Recent advances in the field of synthetic biology, such as Genome Compiler’s software and Cambrian Genomics DNA printing hardware, have brought the cost and complexity of genetically engineering new organisms within reach of amateurs:
As the chart shows, the costs continue to fall, and within a few years thousands of DIY Bio enthusiasts will be using Citizen Science to inspire their own creations. We want to create a signature project which inspires them and demonstrates to the world what’s already possible with a little creativity and imagination.
Is this legal?
Yes it is! There are three federal agencies which regulate Genetically Modified organisms in the US, each with a different remit for public safety:
- USDA regulates plant and agriculture impact through APHIS and are the most relevant for our project. We’ve been in touch with them to understand and address their main concerns which are mainly related to the introduction of potential plant pests. After more than 15 years working with genetically engineered crops they have established a set of guidelines for what needs additional testing, and what doesn’t. So long as we meet all their requirements we can safely release the plant. One of their inputs was that we should use the gene-gun technique to transform our plants, instead of Agrobacterium.
- EPA regulates new uses of pesticides – many GMO’s introduce pesticide or herbicide resistance to their plants (either as a selection agent or as an intended outcome). We have elected not to do this, as we can use the glowing effect as a marker, so will not need to go through their testing procedures.
- FDA regulates food and feedstock implications and requires extensive testing to make sure the product is safe if this is the case. Because our plant is strictly ornamental and not for consumption by animals or humans we do not have to go through this testing.
We will continue to liaise with the federal agencies, especially APHIS, as the project develops to ensure we are compliant with the frameworks they have put in place to protect the public.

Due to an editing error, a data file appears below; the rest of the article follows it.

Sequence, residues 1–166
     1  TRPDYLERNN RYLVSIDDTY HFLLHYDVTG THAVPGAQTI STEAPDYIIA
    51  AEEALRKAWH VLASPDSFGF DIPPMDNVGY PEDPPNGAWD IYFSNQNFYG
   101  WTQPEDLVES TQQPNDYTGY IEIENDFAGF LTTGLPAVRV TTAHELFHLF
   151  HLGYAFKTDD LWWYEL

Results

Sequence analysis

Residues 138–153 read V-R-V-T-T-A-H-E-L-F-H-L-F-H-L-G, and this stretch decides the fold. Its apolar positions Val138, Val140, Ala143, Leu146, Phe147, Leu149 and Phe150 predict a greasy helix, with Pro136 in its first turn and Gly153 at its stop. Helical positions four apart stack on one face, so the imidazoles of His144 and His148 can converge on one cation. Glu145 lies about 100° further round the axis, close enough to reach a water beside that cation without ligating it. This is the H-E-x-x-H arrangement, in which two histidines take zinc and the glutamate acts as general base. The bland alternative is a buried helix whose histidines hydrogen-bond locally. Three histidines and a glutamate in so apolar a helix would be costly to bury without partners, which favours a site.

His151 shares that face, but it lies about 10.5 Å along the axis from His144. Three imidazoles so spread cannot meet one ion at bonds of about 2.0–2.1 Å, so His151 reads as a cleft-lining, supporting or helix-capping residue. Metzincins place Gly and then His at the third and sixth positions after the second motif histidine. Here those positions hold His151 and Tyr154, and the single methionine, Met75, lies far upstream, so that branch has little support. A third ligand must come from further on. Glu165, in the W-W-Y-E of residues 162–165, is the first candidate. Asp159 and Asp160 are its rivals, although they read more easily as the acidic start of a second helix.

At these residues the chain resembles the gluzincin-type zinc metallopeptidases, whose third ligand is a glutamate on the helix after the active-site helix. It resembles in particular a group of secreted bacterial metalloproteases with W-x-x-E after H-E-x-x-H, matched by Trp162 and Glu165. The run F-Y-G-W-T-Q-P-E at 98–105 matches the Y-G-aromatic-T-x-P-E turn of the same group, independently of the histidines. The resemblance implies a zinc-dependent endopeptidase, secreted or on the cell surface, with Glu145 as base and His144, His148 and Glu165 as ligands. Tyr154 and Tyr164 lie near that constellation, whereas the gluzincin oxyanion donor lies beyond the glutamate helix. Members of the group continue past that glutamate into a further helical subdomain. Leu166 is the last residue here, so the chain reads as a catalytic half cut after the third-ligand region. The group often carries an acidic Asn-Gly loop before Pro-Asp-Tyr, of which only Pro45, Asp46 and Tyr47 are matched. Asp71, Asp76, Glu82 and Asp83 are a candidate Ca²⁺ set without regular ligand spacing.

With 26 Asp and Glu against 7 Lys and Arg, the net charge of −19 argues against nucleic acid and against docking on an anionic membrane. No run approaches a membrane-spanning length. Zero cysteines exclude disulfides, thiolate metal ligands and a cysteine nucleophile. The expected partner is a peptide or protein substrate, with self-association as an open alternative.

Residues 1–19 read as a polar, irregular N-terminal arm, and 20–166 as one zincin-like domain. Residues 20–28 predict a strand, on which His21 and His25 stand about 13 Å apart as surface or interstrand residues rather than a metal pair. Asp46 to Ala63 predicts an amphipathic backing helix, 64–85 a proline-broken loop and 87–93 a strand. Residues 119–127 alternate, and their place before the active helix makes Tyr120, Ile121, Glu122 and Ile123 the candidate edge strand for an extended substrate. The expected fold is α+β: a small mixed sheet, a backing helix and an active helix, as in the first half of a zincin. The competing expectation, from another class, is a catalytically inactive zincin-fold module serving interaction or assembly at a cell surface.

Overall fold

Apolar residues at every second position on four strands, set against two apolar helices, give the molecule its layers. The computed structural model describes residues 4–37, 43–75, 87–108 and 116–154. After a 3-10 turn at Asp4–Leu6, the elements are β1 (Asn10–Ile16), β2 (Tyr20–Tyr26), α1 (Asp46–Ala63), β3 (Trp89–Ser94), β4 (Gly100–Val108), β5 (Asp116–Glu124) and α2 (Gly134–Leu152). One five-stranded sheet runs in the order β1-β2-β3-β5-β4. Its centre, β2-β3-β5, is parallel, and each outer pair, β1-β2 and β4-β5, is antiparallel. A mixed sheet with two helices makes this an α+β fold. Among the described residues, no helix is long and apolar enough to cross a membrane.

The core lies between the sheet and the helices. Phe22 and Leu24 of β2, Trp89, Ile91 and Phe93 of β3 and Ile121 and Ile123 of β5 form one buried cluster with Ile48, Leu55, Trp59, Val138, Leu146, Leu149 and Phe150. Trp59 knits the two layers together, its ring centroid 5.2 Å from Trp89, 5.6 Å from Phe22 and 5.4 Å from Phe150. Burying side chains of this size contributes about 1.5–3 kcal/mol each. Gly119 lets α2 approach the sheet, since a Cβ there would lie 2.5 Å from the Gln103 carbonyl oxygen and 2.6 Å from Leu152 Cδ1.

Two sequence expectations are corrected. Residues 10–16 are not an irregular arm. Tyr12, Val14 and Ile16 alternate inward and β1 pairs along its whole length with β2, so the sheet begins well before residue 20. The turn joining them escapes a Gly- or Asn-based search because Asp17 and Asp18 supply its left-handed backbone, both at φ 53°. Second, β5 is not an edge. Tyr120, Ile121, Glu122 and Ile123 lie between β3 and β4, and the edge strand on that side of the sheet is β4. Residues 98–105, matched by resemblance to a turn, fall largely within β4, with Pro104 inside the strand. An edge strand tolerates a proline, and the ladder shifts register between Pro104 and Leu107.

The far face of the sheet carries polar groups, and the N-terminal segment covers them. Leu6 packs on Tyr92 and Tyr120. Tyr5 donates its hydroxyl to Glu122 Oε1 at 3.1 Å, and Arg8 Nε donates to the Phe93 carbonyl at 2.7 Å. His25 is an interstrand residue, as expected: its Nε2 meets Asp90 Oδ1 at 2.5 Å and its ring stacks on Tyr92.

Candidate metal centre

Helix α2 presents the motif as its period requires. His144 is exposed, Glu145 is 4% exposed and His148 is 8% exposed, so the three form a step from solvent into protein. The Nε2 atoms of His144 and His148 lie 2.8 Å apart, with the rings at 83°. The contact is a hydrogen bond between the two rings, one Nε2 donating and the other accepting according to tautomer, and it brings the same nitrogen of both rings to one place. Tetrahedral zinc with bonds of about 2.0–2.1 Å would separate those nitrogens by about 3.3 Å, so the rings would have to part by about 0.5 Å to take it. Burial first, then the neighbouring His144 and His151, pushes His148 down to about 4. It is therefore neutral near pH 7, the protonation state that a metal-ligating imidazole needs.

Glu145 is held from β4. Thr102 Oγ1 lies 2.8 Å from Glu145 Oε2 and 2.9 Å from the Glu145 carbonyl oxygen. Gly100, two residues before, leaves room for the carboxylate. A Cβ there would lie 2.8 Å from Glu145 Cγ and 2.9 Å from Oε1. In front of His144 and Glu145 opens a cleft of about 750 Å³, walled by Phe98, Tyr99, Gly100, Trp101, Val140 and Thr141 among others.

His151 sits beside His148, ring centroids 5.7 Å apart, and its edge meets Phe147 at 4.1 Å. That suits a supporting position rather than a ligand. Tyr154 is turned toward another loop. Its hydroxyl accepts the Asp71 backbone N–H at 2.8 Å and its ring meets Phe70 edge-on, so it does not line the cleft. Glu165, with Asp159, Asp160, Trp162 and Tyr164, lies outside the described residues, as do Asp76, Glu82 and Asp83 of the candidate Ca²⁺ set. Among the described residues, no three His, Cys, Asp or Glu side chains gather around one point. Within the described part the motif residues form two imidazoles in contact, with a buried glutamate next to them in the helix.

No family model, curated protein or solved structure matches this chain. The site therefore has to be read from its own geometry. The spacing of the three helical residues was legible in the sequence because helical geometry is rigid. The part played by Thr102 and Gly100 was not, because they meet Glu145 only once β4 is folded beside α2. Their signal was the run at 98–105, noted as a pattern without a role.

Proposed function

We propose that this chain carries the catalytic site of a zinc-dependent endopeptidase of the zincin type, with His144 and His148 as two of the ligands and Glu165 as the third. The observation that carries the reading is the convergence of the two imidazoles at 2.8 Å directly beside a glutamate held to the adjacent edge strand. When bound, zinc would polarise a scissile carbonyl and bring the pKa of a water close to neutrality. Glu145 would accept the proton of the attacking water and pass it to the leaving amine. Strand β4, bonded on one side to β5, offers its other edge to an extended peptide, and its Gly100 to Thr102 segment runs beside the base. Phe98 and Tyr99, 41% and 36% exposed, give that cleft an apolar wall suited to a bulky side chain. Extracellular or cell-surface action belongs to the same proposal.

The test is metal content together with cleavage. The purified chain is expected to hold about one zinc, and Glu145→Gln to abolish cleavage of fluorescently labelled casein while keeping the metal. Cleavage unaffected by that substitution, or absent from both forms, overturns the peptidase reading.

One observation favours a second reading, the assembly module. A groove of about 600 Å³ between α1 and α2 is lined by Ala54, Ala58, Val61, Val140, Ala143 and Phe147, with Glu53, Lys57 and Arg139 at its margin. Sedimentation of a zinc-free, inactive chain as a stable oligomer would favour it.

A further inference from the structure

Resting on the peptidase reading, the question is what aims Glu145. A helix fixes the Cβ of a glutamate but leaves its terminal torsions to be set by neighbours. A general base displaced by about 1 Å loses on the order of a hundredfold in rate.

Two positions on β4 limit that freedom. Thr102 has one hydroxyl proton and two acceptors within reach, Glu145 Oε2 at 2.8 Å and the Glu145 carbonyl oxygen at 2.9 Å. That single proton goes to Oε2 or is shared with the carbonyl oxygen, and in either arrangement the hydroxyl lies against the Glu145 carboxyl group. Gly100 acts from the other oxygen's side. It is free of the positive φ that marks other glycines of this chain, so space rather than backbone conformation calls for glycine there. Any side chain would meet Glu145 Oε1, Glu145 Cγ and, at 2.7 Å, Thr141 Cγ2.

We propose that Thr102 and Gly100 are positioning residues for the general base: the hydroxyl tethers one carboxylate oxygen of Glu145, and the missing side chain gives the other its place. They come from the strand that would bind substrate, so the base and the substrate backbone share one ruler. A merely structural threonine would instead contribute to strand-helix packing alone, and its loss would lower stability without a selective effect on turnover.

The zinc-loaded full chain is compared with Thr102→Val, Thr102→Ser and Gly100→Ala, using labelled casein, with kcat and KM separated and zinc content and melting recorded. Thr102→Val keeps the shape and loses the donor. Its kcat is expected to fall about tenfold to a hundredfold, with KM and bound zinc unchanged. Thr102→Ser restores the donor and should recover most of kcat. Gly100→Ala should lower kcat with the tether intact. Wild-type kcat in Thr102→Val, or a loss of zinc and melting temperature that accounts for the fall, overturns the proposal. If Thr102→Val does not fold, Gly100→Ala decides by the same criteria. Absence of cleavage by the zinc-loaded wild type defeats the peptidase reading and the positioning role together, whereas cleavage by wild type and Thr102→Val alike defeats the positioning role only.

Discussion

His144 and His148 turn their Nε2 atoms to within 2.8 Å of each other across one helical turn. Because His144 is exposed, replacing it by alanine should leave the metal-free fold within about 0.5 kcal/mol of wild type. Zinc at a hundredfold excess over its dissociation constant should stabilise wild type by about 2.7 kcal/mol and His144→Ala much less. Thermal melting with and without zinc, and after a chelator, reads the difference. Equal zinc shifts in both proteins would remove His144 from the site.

Is this safe?
The head of Genetics at Harvard Medical School, George Church, who works extensively on engineering biosafety described our project as ‘as safe as it gets’. We are introducing non-pathogenic, non-toxic, well categorized genes to a model plant which is well understood by biologists and which will not survive very well in the environment.
In the lab we will comply with all NIH guidelines on recombinant DNA research. Our work is graded at Biosafety Level 1, which is the lowest level of risk to the external environment.
What is Genome Compiler?
Genome Compiler is software, designed by Omri and his team, which allows a user to easily design genetic sequences and order them online. The software includes a large database of genetic parts and a beautiful interface so you can easily combine them to create your desired results.
What is Cambrian Genomics?
At Cambrian Genomics Austen and his team make the first commercial hardware/systems for laser printing DNA. Presently, researchers in academia and industry order or clone >$1b/year of DNA. Cambrian plans to deliver high quality sequence verified DNA to buyers in this existing/growing worldwide market.
What is Project Cyborg?
Currently being developed by the Bio/Nano/Programmable Group at Autodesk Research, Project Cyborg is a cloud-based meta-platform of design tools for programming matter across domains and scales. Project Cyborg provides elastic cloud-based computation in a web-based CAD shell for services such as modeling, simulation and multi-objective design optimization. Project Cyborg allows individuals or groups to create specialized design platforms specific for their domains, whatever their domains happen to be, from nanoparticle design to tissue engineering, to human-scale self-assembling manufacturing.